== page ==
It was sink or swim for a development proposal to put nearly 300 apartments next to Maitland’s SunRail station on Monday. A belabored and begrudgingly unanimous vote befell the Council as they sent Maitland Station bounding downstream into reality.
The development, called Maitland Station, will be built on the old Parker Lumber site bordering SunRail on the north. The 293 apartments will be built around a filled-in sinkhole, its layout like a doughnut with parking in the middle, said Rebecca Wilson representing builder Epoch Properties. Due to the difficult schematics of the property, she said, two developers had previously walked away from redeveloping the site. Epoch’s plans, she said, are the best option the city could hope for on the encumbered property.
But despite a unanimous vote of approval for the plans, the majority of City Council members said the apartment complex isn’t at all what they had in mind for the area.
“I’m neither pleased nor proud,” said Mayor Dale McDonald of the plans, upset that no retail was worked into the project.
City Attorney Cliff Shepard advised Councilmembers that they could only vote no on the project if they could find discrepancies with the proposal not meeting city code.
Councilwoman Bev Reponen said that’s why at the end of the discussion she found herself voting yes for a project she didn’t want to vote for.
“I’m only voting yes because I can’t find a good enough reason not to,” she said. “I certainly feel that an injustice has been done. Our residents really wanted more out of this.”
Reponen said she envisioned the lot being utilized as a high-activity area drawing people into Maitland and down U.S. 17-92 into the city’s downtown district.
“This was not my idea of how we were going to go about this,” she said. “…I was told that this was supposed to be an area of high activity, high retail. The basic premise then has not been achieved in my mind in making this area very active.”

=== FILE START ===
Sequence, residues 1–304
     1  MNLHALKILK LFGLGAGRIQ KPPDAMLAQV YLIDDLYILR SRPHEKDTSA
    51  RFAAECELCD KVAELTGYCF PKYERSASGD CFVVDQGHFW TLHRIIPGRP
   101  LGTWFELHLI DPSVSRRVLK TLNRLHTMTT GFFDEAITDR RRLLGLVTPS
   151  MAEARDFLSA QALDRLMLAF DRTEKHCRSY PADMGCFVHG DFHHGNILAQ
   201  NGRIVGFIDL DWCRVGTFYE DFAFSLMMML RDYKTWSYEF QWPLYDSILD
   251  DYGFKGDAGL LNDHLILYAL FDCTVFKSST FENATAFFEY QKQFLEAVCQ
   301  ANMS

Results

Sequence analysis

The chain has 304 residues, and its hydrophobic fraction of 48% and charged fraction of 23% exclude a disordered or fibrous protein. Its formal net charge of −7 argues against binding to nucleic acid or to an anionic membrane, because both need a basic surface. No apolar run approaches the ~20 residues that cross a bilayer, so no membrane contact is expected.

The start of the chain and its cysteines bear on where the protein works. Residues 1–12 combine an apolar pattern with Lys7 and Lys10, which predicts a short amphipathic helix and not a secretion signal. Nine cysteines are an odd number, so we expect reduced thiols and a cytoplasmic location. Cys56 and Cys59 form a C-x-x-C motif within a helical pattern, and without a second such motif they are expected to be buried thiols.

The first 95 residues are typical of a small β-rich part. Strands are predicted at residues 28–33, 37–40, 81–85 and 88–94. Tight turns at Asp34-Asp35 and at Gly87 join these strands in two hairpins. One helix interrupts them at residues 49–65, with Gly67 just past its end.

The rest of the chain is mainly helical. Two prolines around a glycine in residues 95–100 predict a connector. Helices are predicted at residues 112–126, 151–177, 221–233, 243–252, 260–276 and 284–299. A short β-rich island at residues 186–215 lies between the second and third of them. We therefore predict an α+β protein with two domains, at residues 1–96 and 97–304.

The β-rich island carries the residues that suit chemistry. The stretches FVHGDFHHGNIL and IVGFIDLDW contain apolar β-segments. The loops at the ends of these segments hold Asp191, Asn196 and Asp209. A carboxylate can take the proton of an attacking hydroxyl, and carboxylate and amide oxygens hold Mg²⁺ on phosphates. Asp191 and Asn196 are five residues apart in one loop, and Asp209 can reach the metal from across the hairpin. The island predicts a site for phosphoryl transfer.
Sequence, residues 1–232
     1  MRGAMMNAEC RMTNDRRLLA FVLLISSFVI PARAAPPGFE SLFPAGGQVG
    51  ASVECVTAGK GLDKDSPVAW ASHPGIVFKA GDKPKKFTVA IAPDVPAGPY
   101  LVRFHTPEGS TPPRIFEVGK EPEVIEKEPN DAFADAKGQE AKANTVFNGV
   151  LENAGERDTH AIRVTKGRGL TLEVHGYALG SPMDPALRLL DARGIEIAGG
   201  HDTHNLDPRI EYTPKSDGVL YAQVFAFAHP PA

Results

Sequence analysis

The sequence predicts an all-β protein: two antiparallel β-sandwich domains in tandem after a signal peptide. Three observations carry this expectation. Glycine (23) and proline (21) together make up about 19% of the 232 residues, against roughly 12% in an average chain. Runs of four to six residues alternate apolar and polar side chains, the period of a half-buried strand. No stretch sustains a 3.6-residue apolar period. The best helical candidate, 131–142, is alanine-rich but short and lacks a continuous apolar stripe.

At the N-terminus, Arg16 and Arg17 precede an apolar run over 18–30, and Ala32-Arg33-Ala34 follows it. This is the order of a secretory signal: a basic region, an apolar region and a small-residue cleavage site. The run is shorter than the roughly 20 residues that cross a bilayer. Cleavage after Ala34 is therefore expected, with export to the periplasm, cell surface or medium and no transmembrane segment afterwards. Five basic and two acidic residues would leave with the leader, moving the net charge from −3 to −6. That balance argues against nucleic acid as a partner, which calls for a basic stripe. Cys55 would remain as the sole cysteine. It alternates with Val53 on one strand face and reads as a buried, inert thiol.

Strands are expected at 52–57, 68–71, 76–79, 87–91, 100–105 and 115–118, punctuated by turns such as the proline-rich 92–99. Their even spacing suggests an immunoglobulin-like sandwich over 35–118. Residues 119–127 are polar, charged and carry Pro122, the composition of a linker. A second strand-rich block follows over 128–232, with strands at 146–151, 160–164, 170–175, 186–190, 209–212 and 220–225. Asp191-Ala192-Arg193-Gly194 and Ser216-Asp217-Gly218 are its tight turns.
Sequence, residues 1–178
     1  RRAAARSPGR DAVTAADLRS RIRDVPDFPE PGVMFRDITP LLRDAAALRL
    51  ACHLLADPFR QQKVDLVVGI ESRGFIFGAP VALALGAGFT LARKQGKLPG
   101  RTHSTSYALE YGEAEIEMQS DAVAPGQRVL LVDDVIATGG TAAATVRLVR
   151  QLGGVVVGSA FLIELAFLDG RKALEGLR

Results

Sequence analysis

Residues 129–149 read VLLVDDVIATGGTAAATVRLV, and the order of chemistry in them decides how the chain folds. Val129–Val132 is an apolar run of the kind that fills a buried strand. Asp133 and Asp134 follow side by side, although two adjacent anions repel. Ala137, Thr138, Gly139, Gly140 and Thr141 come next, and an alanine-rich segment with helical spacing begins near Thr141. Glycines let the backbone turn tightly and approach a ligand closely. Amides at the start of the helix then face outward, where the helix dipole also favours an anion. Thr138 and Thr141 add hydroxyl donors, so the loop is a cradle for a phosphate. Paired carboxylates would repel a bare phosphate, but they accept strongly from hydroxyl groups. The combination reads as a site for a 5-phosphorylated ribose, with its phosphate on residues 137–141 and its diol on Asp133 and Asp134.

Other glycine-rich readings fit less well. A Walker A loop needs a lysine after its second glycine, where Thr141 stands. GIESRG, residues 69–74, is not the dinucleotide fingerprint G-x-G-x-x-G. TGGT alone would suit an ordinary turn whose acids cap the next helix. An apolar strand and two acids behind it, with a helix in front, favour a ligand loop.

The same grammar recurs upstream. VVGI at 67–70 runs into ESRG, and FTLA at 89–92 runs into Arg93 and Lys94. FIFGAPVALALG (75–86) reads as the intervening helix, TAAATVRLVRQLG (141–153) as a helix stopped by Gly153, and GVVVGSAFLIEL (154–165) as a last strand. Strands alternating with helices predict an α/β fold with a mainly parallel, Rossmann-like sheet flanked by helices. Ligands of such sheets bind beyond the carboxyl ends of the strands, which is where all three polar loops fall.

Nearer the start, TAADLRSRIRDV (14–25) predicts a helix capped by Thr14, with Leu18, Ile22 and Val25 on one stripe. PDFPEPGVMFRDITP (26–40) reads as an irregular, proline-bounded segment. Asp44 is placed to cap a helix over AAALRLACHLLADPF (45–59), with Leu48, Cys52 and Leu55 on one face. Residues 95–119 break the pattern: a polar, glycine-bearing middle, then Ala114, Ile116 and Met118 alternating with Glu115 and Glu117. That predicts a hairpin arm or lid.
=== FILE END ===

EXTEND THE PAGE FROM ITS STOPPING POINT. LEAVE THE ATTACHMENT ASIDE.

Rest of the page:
A handful of residents spoke up against the development during the meeting, wishing for restaurants or coffee shops to be brought to the development’s ground floor to serve as a destination for SunRail riders and the local community.
“I thought this would be a great way to jump start the city of Maitland as a destination point … a reason to get off the train instead of continuing,” said resident Leona Owens. An apartment complex, she added, even if it’s a pretty one, doesn’t do that.
A year after the commuter rail system’s launch, Maitland’s SunRail stop is consistently ranked in the bottom two in ridership numbers out of 12 stops. In March, 4,949 riders hopped on at the Maitland station. Next door, Winter Park led all stops in ridership, with 21,533 passengers — more than four times as many riders as Maitland.
Winter Park’s numbers were influenced by free rides on certain weekend days in March, funneling passengers to, and from, events in the city and nearby. But even with the free rides removed the Winter Park stop saw more than double the ridership of Maitland, which hosts comparatively fewer large-scale events and has far fewer retail stores and restaurants nearby to lure passengers.
Winter Park’s SunRail station stands in the middle of the city’s popular mixed-use shopping and dining district, boasting more than 100 businesses along Park and New England avenues, with apartments located on higher floors. By comparison, the closest businesses to Maitland’s station, along busy U.S. Highway 17-92, are an automotive repair shop, a bank and a Mercedes-Benz dealership.
Wilson said a study by independent consultants shows that the lot next to the SunRail station isn’t suitable to sustain commercial business if built under the constraints of city code.
“Nobody’s getting off of SunRail for coffee,” Wilson said. “You’re going to be getting off SunRail for an activity.”
The complexities of the land mixed with the rules about parking and sidewalk-fronted buildings, she said, make the city code unfriendly to retail on the property.
Resident Hank Wolf, a member of the city’s Planning & Zoning Commission, said the Maitland Station proposal makes the best of a difficult situation.
“I think the developer here has brought a very creative solution to a very difficult project,” Wolf said, adding that even though the city may like to see retail on the lot, it doesn’t mandate that they should get it.
Councilman Ivan Valdes agreed as the only Council member speaking fully in favor of the development.
“Dooming this property is leaving the property as it is for the next 40 years,” he said.